Editor’s Note: Westhampton holds a Fall Festival each October, which begins with a town-wide interfaith service. EarthSpirit Board Members Katie and Chris LaFond have been part of planning and officiating that service since 2019. The following is the reflection that Katie offered at this year’s service, on October 16, 2022.
Patterns, routines, rituals. It is a Thing humans Do. It helps root us in time and space, helping us understand our roles in family and community. It helps us save energy as we anticipate events and lets us relax into appreciating the changing elements; new babies and puppies, and the amazing dessert that Aunt Beth has been talking about.
Merriam-Webster defines routine as “a regular course of procedure,” and it defines ritual as “done in accordance with social custom or normal protocol.”
In my pagan home, these words are used fairly interchangeably, but I suppose that our routines are personal, and our rituals are the customs we become accustomed to within The EarthSpirit Community.
When I ask my friends what the difference is between routine and ritual, they often describe ritual as being solemn, and routine as being synonymous with boring.
In my family’s home, I honor routines as a way for us to make sure that our needs are met, and that I’m lucky to have clothing to fold. There is beauty in routine. Most days, I carry gratitude for my daily routines; the washing clean of dishes in anticipation of delicious shared meals tomorrow, and the stacking of wood for cozy wintertime fires. On harder days, routines let me relax into their familiar shape when I’m feeling overwhelmed or sad. If routines and rituals are serving us, they feel good, and they nourish us.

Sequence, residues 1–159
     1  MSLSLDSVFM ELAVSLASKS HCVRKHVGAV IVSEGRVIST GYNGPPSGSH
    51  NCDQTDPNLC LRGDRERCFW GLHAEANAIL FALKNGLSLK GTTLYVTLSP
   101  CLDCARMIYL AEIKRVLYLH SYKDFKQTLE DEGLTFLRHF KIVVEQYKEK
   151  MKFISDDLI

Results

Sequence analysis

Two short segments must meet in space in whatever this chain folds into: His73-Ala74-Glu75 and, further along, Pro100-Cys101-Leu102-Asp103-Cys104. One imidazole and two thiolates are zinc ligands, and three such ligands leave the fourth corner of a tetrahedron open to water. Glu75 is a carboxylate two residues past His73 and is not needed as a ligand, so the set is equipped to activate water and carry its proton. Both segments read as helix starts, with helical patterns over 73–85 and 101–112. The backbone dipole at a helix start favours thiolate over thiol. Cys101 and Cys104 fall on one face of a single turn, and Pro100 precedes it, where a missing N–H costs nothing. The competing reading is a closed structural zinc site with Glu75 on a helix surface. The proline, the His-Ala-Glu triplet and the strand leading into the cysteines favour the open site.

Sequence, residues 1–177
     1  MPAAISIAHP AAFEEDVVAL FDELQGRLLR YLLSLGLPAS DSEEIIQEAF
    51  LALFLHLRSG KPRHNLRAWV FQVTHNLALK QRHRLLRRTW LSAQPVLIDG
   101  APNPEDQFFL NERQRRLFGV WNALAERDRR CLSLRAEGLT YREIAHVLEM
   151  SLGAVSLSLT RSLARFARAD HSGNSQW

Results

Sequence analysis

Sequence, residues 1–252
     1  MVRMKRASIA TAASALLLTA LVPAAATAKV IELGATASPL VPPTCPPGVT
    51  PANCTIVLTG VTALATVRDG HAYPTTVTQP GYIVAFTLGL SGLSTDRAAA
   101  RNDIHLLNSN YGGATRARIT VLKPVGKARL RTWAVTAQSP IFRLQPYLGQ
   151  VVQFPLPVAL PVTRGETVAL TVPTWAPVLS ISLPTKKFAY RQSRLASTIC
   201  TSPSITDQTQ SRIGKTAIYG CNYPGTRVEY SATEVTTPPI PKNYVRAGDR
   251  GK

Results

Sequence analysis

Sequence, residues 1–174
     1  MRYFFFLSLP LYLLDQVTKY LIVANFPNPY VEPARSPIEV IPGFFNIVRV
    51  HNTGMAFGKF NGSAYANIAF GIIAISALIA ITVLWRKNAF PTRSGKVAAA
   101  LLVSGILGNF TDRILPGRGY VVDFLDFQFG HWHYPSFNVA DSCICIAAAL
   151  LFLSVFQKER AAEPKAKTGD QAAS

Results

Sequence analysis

Sometimes though, our routines and rituals aren’t serving us, and still we cling to patterns, because they’re familiar and the familiar feels safe. Changing patterns means creating new paths and that takes energy. It doesn’t feel safe. You don’t always know where you fit in.
Sometimes we choose to change the pattern, and we feel like since we chose it, we’re not allowed to be upset, or to need to rest or ask for help sometimes. Change still takes energy. It is still a process of grieving old shapes, stretching, and growth can be painful. Sometimes the pattern changes without choice, when things we took for granted are taken away, or when Death visits our home. Sometimes the change is joyful; we marry the love of our life and we get to create new patterns together built on love and hope. Whatever the case is, be patient. People will expect old patterns and will be confused and might be hurt that patterns are changing. We do our best to build new, resilient patterns of vitality, meaning, and potency.
In The EarthSpirit Community, the rituals in the Pagan calendar give shape to our year. Some of our pagan rituals are solemn. Samhain when we recognize our beloved dead is often a quiet, solemn observance. It is also true that love, joy, and pleasure are pagan values and our rituals support that. The Beltane Maypole where we join earth and sky and hope for a fertile growing season, the Web Ritual where we weave a web of community that represents the unseen bonds we sustain with all beings of the Earth, and Handfasting ceremonies when pagan couples get married are joyful rituals.
Paganism honors the Sacred Earth and we do our best to have our rituals reflect natural cycles. It would be disingenuous to say that one of our rituals is either all solemn or all joyous. We are like a tree, growing and dropping dead branches, and letting old leaves go, and reaching for the sky.
There are solemn elements within our joyful rituals, and we often dance and sing in gratitude for our lives at the end of our Samhain ritual as the last autumn leaves fall.
“It’s the blood of the ancients that runs through our veins, and the forms pass, but the circle of life remains.”